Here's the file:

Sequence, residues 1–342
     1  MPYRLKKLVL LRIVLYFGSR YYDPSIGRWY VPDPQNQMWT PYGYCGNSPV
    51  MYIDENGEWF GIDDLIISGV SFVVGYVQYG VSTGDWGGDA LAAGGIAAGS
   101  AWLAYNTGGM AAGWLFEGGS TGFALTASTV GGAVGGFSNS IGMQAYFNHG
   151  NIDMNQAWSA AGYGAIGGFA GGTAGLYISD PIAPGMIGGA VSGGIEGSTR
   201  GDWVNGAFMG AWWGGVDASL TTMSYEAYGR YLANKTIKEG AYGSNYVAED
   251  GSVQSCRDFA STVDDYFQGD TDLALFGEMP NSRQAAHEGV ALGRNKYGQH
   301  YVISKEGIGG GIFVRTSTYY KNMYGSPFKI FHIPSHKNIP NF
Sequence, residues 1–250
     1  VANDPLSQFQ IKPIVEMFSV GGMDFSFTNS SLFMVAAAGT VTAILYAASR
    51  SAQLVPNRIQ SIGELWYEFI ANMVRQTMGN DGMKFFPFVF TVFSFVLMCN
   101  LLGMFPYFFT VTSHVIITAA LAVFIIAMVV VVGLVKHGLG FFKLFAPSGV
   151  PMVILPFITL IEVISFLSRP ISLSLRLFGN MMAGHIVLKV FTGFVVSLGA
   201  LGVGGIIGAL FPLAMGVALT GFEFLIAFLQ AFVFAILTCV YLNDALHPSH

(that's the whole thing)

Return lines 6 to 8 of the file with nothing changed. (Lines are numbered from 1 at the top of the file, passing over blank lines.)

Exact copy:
   201  GDWVNGAFMG AWWGGVDASL TTMSYEAYGR YLANKTIKEG AYGSNYVAED
   251  GSVQSCRDFA STVDDYFQGD TDLALFGEMP NSRQAAHEGV ALGRNKYGQH
   301  YVISKEGIGG GIFVRTSTYY KNMYGSPFKI FHIPSHKNIP NF